"The case is about a foot deep and a 435mm wide."
Do you know what that is in antelopes per parsec?
"We think that is quite big"
It sounds like it's the same width as many hi-fi separates, which should keep your audio/visual shelves looking neat and tidy.
"the width is only 6.5cm short of half a metre".
I'm disappointed you didn't find a way to use decimetres and yards in this paragraph :(
HD Ready is used, because there isn't a TV on the market at the moment (in the UK, and that i know of) that can actually receive a HD broadcast, they all need some type of external HD source.
Once the HD freeview spec is properly finalised, and integrated into tv's recieving 1080p i'm sure we'll be seeing 'full HD' stickers.
Some of you mention a desire for one of these, so here's one for you:
It's expensive - not the sort of thing you will find at Tesco's.....
People who have any interest in videophilia will know the Oppo name.
So this is a pure BluRay Disk only player which plays nothing else than those disks (and maybe DVDs). Yet it has the hardware to be a fully functional media centre. Who in their right mind would design such a monstrosity?
I predict that, just like with the DVD, BluRay will only get popular once the media can be copied and the players play normal files.
You might want to look up what 'HD Ready' and 'Full HD' really mean before you shove your foot any further down your mouth.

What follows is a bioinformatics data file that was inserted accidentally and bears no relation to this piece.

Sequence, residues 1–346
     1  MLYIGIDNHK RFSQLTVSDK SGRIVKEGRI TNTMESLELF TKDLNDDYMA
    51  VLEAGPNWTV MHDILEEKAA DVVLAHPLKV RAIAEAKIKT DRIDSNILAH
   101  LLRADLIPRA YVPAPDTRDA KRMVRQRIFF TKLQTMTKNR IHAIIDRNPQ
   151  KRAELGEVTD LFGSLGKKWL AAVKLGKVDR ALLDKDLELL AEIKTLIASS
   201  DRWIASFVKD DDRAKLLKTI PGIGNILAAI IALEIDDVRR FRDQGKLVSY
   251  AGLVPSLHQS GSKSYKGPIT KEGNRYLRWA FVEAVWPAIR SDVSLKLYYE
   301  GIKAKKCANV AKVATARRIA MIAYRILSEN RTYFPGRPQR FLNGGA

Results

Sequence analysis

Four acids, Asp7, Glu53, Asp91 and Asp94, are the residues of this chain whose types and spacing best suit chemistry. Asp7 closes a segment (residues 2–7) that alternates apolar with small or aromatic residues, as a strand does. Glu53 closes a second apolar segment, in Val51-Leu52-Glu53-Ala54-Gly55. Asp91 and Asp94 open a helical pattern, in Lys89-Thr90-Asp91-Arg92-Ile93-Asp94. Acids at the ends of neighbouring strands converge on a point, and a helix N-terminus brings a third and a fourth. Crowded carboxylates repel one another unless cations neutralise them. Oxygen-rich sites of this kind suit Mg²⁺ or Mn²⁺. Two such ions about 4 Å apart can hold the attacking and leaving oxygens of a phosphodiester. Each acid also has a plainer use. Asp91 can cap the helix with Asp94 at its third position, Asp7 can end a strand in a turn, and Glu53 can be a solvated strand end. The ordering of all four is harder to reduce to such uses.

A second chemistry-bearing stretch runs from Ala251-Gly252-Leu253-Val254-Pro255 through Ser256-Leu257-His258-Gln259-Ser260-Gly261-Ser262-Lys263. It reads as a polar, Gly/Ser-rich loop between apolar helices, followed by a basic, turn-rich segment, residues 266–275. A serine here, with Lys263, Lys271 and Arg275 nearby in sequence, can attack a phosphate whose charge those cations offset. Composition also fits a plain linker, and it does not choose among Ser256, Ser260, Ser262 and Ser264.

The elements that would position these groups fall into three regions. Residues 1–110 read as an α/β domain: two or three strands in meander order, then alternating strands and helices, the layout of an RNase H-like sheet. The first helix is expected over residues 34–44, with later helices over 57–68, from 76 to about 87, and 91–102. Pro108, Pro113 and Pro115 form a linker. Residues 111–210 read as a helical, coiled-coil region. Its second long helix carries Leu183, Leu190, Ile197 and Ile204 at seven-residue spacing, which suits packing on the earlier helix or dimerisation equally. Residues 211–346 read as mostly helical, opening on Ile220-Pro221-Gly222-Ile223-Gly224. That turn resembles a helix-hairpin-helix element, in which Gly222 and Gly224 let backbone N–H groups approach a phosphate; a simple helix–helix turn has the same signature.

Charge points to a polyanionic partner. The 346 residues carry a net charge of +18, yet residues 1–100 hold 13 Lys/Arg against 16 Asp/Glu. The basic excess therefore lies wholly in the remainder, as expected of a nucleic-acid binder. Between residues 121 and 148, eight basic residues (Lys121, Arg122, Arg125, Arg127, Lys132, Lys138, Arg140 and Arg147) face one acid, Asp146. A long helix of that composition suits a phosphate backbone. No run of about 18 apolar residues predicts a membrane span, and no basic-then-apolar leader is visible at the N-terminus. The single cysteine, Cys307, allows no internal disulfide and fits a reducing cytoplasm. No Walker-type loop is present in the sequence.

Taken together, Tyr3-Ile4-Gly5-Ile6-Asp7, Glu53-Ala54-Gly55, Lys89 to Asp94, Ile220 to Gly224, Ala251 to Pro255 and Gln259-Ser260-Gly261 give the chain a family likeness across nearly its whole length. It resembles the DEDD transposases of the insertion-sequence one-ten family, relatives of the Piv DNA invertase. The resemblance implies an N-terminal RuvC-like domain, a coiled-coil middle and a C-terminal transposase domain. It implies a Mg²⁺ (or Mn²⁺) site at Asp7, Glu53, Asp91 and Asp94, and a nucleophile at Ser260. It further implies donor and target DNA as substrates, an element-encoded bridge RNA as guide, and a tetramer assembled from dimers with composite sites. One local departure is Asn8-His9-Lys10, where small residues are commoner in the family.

Nice theory, but the plethora of "Full HD" labelled 1080p kit down the shops says you're wrong here.
However, you piqued my interest so I had a trawl - OMFG!
It appears that the original plan was to have "HD ready" refer to 720p or 1080i kit (dunno where I got 800 from in my orginal post - silly me), while "Full HD" referred to 1080p capable panels.
So I was right, but things have moved on as the marketing types have stuck their oars in and depending on which manufacturer you look at, we now have:
"HD ready" and "Full HD" as originally stated.
"HD ready" and either "HD ready 1080p" or "Full HD" (kudos to Sony for running two logo stickers that mean exactly the same thing).
"HDTV" (HD tuner).
"HDTV 1080p" (HD tuner wot does 1080p and a screen to match.
"Full HD ready" (now we are in lala land - and special thanks to Toshiba for that little gem).
etc. ad infinitum.
No wonder there's so much "what does it all mean" and "what should I buy" traffic out there. They've taken a relatively simple labelling scheme and turned it into a minefield of confusing bullshit.
"there isn't a TV on the market at the moment (in the UK, and that i know of) that can actually receive a HD broadcast"
Except for all those Freesat HD capable tellys. The Panasonic Viera I installed for my folks this weekend was certainly capable of receiving HD.
Unless somehow you think there's a difference between "aerial - cable - tv" and "dish - cable - tv".
Needs a decent Remote!
Then I'll buy it!
I dont want to game my way around a movie!...
Agreed on both points. I can't believe anyone would try to sell a region locked DVD, let alone a region locked BR. And why can't it play content from the USB port, FAIL
And Philips says it uses 25W operating and 0.5W on standby, so it costs just 50p per year to have it plugged in, and no more than £25 even if you use it 24*7.